Don’t want to beat a dead horse here. But last month’s issue of Vanity Fair with the nine lily-skinned–albeit lovely and talented–young women with the banner declaring them the acting talent for the next decade really pissed me off. And I’m just not over it.
The whole decade?
The last time I was this bitter was back in 2000 when Vogue featured Gwyneth Paltrow with a headline that screamed something about her being the “It-girl for the Millennium.” I’m sure that Ms. Paltrow is a fine human being but wasn’t the last millennium the millennium of the blonde, blue-eyed beauties? Do they get this one too?
Just so that we are clear: I am committed to the principle of unity. I believe at my core that at the end of the day there is only one race and that is the human race. And everything in my life bears witness to this belief.
Here is what I don’t love: Unfairness. Injustice. And piles of crap handed to me like it’s chocolate cake.
Have you ever heard of the doll experiments conducted in Harlem by Drs. Kenneth and Mamie Clark back in the late 1930s? These series of experiments found that black children often preferred to play with white dolls over black ones. That when asked to fill in a human figure with the color of their own skin, they frequently chose a lighter shade than was accurate. And most devastatingly, that when asked, African American children gave the color “white” attributes such as good and pretty, and the color “black,” bad and ugly. These experiments caused an uproar back in the 30s and contributed to the Supreme Court’s ruling in Brown vs. Board of Education.
Oh no, you say! That was eighty years ago! These are different times! This is the age of Obama, Winfrey and … I don’t know … lots of other folks. Well, sure, some things are different. There has no doubt been progress. But consider this: in 2006 a filmmaker recreated the doll study and documented it in a film entitled A Girl Like Me. In spite of everything that has changed, she found the same results that the Drs. Clark did in the 1930s and 40s.
I could have told you that watching my five year old and her friends these past few years, in spite of very explicit lessons that my friends and I have attempted to instill in our children of color. I myself have seen and heard things that have triggered a hysterical phone call or two to my girlfriends.
We don’t know exactly why children attribute negative characteristics to their beautiful brown and black skin. But many of us have our suspicions. And somewhere at the top of my personal list sits the images and messages they are bombarded with every day of their lives–very much like the one on the cover of Vanity Fair last month. Yes, Disney, you do get credit for Tiana and we do appreciate the bone you threw us but how about a true reflection of who we are and what we look like as a human family every single day and not just on special occasions? How about it, Hollywood? Are you in?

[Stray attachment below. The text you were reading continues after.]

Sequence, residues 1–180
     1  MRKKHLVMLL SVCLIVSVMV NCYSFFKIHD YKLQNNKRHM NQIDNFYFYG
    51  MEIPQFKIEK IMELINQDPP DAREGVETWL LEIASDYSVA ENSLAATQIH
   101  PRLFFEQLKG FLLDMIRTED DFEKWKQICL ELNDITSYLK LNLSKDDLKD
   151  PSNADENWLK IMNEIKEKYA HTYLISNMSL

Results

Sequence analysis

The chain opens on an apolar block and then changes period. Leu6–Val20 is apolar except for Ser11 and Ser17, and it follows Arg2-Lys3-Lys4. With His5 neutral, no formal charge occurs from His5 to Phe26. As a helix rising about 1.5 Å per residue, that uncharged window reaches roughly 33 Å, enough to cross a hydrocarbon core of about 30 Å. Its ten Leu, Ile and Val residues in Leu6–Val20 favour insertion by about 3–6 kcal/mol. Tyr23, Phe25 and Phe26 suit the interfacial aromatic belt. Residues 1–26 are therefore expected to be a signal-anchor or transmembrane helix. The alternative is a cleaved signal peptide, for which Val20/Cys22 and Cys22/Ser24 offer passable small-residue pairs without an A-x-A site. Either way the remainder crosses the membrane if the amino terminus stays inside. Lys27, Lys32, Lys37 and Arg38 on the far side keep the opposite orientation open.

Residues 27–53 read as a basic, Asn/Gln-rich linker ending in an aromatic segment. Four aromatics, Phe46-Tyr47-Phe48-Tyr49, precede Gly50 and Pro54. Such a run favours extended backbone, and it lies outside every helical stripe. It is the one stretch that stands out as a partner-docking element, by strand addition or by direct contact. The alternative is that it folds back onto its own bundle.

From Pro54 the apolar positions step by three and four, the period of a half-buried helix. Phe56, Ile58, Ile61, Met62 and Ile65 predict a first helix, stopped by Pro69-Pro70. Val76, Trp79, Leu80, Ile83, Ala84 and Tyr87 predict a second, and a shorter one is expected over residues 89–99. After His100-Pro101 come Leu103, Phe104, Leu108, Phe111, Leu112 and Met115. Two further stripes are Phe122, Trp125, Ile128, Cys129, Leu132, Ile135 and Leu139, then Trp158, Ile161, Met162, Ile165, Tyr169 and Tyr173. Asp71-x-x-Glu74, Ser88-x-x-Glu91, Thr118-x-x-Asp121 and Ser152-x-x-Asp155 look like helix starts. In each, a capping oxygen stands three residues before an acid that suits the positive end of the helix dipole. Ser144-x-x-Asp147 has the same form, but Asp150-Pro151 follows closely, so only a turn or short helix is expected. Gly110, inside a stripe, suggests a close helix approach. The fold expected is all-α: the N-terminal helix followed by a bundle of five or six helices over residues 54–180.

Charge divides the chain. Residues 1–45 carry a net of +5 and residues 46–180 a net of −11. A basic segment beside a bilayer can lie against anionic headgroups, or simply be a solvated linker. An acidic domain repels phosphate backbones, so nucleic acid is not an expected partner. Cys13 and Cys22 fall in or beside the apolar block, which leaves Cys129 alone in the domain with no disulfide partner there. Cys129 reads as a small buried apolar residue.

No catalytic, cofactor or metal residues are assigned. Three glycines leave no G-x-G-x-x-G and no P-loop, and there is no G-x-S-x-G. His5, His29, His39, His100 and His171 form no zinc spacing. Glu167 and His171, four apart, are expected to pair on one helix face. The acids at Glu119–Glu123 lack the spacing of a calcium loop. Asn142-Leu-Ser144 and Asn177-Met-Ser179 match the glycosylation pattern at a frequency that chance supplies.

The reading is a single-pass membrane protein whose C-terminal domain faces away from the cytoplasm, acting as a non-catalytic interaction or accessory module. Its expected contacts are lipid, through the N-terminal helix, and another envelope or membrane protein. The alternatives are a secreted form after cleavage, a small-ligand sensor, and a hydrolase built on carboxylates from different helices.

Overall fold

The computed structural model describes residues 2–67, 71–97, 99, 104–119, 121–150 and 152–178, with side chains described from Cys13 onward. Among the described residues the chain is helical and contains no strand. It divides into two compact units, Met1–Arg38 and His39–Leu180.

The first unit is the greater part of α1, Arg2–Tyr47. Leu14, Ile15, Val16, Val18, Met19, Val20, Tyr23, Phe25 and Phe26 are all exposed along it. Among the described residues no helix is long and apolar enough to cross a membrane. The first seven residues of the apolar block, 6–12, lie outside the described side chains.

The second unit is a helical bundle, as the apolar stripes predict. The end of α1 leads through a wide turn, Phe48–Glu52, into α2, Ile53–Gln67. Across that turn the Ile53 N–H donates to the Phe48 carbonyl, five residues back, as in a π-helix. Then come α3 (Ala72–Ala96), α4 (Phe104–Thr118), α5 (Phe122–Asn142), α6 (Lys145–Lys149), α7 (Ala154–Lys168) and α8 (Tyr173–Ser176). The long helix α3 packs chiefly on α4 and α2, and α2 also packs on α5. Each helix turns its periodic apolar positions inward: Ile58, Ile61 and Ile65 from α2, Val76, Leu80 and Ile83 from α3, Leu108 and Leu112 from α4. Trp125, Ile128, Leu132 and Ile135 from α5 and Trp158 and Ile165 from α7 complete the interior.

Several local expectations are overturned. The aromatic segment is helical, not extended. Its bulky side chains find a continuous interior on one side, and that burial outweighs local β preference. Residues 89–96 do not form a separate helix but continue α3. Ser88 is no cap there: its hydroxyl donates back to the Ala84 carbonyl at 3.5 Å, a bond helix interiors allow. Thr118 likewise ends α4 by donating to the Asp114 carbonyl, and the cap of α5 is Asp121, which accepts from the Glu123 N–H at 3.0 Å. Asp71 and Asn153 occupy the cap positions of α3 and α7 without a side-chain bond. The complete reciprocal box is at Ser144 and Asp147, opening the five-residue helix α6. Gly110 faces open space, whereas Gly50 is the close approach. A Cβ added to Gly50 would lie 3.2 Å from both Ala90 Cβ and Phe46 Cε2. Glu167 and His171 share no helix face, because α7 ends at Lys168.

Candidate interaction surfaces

When I arrived in America on the cusp of my teens 30 years ago, I didn’t NOT feel beautiful. But I wised up very quickly. The message was loud and clear and explicit! Not only was I hearing: “You’re not pretty” (actually what I heard was: “You’re ugly” but … tomatoes, tom-ah-toes …), I also never saw anyone on TV, in the movies, in the magazines, anywhere, that looked like me (and who was considered beautiful). Remember, there was no bevy of ethnic beauties like Eva Mendes or Salma Hayek or Shohreh Aghdashloo back then. There was, however, Iman and Naomi and Tyra and a handful of Huxtable women. Oh and Diann Carroll.
Reflecting back, I realize that at some point I developed a coping mechanism: I started to interpret select images I saw in the media very literally as evidence of the possibility that I, too, may be beautiful. Here’s the short version of how it went:
I’m hearing some very negative messages about my beauty.
I’m not seeing anyone who looks like me who is considered beautiful.
I do see a few black women on TV and in the movies.
Black women have brown skin.
I have brown skin.
They’re brown like me.
These women are beautiful.
Maybe I’m beautiful too.
The bottom line is that our brown and black girls and boys need to see people who look like them achieving, inventing, excelling, curing, leading, creating, thinking, innovating, writing, being lauded, being recognized. They deserve it. They are entitled to it. (There, I said it! The word that makes so many people so uncomfortable. But I don’t understand why entitlement is treated like a natural-born right of some and as a favor for others.)
Our Caucasian children need to see people of color achieving, inventing, excelling, curing, leading, creating, thinking, innovating, writing, being lauded, being recognized.
You are doing every last one of our kids–no matter what race they are–a disservice. That includes you, Vanity Fair, and every one of your brethren across all media.
Stop barraging our children with the nonstop madness. Really! Because you might have gotten away with robbing us of our ability to feel beautiful–and comfortable–in our own skins but we have no intention of letting you do it to our sons and daughters too.